Our daily observations are often riddled with emotion. Even the most scientifically-rooted of us are subject to bias. So it’s important to be aware of the temptation to fit data into existing beliefs that don’t necessarily reflect reality.
I’ve recently begun diving into data from our agency’s website and social media traffic. This exercise has produced unexpected findings. For instance, the most popular pages on our website are, anti-climactically, the Jobs and About pages. The many other sections filled with rich information about our programs, services, and developments – which we’ve spent hours developing – have minimal views in comparison. Does this mean we should produce less compelling material on these pages? No. But it does indicate that we might serve a greater number of people by investing just a little more time in pages we might normally skimp over.
Another example. Back in September, I compiled research findings for a blog post about Lower Manhattan’s growth. It took about a month to prepare, yet didn’t come close to cracking the top 10 on our blog. Instead our most-viewed post was about ferry service changes.
After diving deeper, I saw that people had searched and accessed ferry service-related information more than double that of any other blog post topic. While I personally don’t find ferry service a fascinating subject, this outlier forced me to reevaluate how we’re deciding what to write about each week. Lower Manhattan, while an interesting topic, doesn’t serve a need. Ferry service, meanwhile, is a crucial service people are depending on to get between boroughs.
Looking at anomalies and asking certain questions informs better decision-making. What is driving traffic? Is there a larger site linking to us? What do people really want to know? As a reporter, I’m accustomed to editors assigning stories based on their almighty evaluation of what the audience wants. I’m also used to pitching stories that are interesting to me, myself, and I. In both scenarios, public information decisions are made from the top-down based on personal whims and a tepid grasp of reality. Even surveys aren’t that effective since personal biases and framing of questions influence how people respond. Data can be a clear, democratic, and objective way to ensure that public needs are being addressed. While not the answer to everything, web behavior shines light on trends. If the public is clicking on or searching for something, data reveals a demonstrated need or interest.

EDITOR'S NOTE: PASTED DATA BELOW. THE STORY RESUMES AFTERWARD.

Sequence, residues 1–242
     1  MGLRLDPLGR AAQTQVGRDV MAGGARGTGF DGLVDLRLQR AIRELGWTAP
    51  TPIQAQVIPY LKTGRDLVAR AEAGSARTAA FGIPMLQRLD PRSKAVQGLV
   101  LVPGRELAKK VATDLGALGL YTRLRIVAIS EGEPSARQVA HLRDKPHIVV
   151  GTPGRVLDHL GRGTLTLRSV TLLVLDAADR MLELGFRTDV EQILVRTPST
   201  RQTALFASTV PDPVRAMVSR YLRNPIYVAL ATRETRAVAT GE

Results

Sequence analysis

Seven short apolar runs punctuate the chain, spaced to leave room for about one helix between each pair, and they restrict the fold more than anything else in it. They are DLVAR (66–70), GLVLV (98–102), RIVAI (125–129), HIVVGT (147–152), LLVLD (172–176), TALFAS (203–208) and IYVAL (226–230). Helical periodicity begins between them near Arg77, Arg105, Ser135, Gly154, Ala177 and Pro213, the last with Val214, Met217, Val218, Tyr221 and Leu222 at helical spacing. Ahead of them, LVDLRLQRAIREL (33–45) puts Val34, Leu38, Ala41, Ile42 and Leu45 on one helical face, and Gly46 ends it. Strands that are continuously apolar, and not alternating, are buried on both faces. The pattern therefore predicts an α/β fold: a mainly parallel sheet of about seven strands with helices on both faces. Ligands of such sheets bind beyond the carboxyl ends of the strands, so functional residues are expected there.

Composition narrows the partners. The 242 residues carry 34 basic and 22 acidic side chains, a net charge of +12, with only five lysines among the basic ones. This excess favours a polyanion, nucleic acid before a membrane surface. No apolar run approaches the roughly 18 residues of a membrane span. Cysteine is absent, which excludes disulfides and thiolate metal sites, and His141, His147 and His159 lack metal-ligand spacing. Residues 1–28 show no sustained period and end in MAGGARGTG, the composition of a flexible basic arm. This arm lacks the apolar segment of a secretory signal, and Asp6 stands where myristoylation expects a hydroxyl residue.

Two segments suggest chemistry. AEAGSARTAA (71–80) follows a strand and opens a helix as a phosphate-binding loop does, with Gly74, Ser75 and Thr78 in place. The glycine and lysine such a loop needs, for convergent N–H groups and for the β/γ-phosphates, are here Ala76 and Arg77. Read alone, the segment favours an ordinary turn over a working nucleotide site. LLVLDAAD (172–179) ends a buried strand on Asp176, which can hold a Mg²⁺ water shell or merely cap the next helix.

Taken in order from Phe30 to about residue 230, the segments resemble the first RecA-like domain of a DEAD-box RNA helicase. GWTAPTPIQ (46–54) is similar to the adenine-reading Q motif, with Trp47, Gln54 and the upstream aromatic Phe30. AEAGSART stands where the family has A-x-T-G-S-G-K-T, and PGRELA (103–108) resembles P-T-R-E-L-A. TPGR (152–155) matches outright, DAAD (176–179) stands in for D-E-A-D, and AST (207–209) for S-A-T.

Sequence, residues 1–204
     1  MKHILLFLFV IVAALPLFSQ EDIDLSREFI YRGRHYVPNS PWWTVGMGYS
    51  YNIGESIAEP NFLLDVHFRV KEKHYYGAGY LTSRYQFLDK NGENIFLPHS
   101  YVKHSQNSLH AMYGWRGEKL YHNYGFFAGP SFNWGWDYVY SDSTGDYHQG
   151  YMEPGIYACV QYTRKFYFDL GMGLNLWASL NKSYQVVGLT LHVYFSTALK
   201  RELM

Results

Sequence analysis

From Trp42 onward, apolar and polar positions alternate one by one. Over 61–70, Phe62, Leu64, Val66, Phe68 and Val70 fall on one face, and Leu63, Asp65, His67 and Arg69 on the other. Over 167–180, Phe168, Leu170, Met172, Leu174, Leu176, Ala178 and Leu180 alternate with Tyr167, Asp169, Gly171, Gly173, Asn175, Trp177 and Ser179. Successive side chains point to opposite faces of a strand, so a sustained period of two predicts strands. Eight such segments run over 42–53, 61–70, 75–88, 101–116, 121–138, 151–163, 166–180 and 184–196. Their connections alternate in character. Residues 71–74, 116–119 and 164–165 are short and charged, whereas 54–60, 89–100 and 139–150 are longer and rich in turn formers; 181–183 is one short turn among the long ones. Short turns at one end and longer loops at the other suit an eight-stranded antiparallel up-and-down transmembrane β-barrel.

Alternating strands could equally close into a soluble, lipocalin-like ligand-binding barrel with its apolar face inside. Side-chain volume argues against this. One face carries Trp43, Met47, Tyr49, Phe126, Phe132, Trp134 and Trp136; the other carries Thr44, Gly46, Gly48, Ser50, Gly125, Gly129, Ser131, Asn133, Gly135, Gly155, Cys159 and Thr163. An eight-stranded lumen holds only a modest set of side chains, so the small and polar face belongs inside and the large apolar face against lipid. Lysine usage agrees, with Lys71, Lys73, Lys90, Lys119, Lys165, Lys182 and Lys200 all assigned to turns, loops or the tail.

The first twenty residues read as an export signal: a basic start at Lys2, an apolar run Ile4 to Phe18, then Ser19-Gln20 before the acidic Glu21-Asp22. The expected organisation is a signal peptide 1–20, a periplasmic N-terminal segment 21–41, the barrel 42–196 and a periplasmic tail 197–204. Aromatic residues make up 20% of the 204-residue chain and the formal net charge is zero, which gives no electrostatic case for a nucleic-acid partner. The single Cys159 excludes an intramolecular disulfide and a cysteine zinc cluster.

NYC Chief Digital Officer Rachel Haot wrote an informative piece on what she and her team learned during the redesign of the NYC Government site. She says, “Any digital experience can become an emotional debate, especially when you have lots of smart stakeholders…Data can be a great tonic for subjective conversations.” (I also love the reference to Mayor Bloomberg’s data-driven philosophy: “In God We Trust, Everyone Else Bring Data”.)
Traffic metrics and search analytics informed the City’s new design. Alternate side parking, schools and garbage collection status were the top drivers of traffic, so they placed that information front and center. They also embraced data post-launch to measure success and constantly analyze user response.
People can decry the end of privacy, but open data can create a seamless user experience with more intuitive navigation, better content placement, and targeted information. It’s either that, or continued speculation based on personal biases.
I’m all about listening to intuition. It’s part of being human. This conversation isn’t about eliminating that. It’s about doing enough of a gut check through application of data to decide whether or not we should defend our instincts. Because let’s be real, our instincts are sometimes wrong.
For starters, this post is not about crepes. And it’s actually a pretty obnoxious and superficial post. But I can promise that I’ll get you outta here in less than 3 minutes (4 minutes if you’re multi-tasking) , so we can all get on with our merry royal baby-stalking lives.
This post is really about the 5 things I learned from my 2-month journalism internship. In reality, I learned a lot more than 5 things- not just about writing, but about technology, multimedia, and the way we consume information . Most likely, you wouldn’t have the bandwidth to read it all (nor I to write it). About 40% of you have already clicked away. Half of you will dart off after this paragraph. And I understand: there are more exciting GIFs waiting to be explored.
For those of you remaining (thank you), here are some lessons I learned from Business Insider that are invaluable not just for writers, but for anyone looking to leverage some influence in our modern, distractible, cyborg world.